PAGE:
Not everyone has the same tolerance to risk and not everyone has the knowledge for handling their financials. Education should come as an inseparable part of the deal. Not only will it help people understand the technical aspects of microlending, but it will also build a relationship between loan issuer and customer. Financial support goes hand in hand with financial literacy and what binds these two together is education.

Apart from product diversity and education, what seems to be the last element for a healthy microlending ecosystem is the ability of microlending companies to add value. Profit is the ultimate goal for any company in any vertical in the world. Due to the unique nature of microlending, value to the community is a prominent factor. Financial inclusion and social change don’t always go together but the future calls for more effort on that front. Microlending companies should be able to reconcile the ideas of value for the community and company profit.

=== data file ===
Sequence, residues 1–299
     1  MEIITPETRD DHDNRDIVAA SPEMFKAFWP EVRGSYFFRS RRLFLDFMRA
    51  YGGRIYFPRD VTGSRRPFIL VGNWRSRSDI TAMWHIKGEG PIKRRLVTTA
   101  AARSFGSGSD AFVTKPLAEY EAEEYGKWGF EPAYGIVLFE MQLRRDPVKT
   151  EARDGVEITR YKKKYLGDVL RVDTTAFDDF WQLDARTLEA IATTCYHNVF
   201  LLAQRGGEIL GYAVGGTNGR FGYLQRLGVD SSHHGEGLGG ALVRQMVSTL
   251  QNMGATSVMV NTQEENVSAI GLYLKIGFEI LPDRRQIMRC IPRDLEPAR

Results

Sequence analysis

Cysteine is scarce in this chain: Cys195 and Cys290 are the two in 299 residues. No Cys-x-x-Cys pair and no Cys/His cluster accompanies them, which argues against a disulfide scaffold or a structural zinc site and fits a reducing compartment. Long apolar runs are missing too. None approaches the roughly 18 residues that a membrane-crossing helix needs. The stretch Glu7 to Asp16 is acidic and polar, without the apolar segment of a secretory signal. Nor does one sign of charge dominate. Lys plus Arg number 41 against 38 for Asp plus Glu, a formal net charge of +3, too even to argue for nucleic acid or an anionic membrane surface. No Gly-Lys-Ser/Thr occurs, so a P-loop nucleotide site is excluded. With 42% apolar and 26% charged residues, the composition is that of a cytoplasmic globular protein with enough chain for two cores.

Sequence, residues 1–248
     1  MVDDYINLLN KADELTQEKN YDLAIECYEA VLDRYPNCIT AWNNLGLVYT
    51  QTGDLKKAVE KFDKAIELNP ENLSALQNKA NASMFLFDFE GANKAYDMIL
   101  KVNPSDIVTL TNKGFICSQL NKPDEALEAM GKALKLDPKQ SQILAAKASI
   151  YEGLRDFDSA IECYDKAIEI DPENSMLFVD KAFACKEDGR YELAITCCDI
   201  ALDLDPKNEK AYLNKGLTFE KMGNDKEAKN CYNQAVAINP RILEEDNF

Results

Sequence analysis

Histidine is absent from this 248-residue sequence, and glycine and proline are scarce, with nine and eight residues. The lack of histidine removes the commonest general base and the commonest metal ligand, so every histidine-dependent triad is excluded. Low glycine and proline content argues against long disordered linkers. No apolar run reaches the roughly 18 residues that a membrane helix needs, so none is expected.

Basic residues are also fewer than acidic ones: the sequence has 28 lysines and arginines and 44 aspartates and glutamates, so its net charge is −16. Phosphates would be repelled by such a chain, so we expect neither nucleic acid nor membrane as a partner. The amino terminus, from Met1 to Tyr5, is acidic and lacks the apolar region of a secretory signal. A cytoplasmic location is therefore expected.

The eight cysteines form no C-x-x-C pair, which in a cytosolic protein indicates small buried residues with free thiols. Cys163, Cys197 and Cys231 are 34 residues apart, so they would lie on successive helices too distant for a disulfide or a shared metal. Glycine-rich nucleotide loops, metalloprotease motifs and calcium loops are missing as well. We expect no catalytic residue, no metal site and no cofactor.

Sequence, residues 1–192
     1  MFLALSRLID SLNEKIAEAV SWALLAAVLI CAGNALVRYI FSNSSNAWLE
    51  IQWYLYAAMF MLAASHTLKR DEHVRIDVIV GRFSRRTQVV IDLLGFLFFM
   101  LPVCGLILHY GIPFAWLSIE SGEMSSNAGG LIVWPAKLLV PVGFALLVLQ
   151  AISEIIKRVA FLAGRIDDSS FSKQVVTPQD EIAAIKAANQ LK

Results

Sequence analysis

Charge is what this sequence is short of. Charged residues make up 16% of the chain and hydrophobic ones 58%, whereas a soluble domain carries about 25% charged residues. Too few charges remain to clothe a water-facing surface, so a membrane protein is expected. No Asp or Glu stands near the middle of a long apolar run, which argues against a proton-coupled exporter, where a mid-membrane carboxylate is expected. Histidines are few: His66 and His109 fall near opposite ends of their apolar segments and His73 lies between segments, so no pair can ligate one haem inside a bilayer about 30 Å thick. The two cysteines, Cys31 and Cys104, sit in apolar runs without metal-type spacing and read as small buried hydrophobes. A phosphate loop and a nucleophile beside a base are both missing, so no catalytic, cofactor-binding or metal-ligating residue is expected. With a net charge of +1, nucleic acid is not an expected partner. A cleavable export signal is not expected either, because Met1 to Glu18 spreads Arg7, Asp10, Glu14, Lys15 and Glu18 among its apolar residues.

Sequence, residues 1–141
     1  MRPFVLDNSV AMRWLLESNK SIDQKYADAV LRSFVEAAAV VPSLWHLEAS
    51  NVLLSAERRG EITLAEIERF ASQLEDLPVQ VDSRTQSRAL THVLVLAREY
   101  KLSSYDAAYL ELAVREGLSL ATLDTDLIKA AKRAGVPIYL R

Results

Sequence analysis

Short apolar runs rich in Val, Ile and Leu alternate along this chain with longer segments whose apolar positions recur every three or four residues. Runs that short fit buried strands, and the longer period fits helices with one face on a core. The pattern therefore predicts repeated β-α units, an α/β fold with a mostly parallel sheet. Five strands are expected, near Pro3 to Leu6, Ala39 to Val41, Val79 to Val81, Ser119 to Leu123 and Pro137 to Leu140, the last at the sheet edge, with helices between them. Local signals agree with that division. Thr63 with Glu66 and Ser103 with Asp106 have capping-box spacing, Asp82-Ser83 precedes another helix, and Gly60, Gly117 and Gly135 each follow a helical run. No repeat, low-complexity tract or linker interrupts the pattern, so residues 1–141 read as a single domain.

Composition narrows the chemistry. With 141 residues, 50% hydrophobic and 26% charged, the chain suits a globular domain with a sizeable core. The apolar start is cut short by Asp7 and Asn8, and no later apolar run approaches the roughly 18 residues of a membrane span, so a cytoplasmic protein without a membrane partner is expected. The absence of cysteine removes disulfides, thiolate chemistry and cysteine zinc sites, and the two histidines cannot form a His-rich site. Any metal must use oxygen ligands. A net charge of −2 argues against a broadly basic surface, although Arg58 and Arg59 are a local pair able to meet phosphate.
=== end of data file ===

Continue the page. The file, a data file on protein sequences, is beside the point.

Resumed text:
microlending company

Is There an Alternative? Enter Nanofinance

As we said before microlending in its purest form is not enough to satisfy everyone. There’s a certain part of the population that is not comfortable with traditional loan methods and the risk associated with them. Even the low threshold of microfinancing seems too high for them. How do you infiltrate that market? By turning microfinance into nanofinance.

Nanofinance refers to a loan of money that’s as small as 0.50 cents. It usually covers emergency needs such as water, electricity or healthcare. With pay-as-you-go models and the employment of mobile technology, companies can get this seemingly complicated business model to work.

The model is complicated because of the very low threshold of loans and the difficulty of collecting money. It makes it challenging for banks to get interested.

The target audience for nanofinance often gets their income based on weather conditions, harvest or available resources. The unpredictability of these factors make it impossible for them to follow a traditional, rigid repayment model. Their ability to repay a loan should be based on their consumption. Companies should give them some leeway both in the deadline and way of repaying their loan.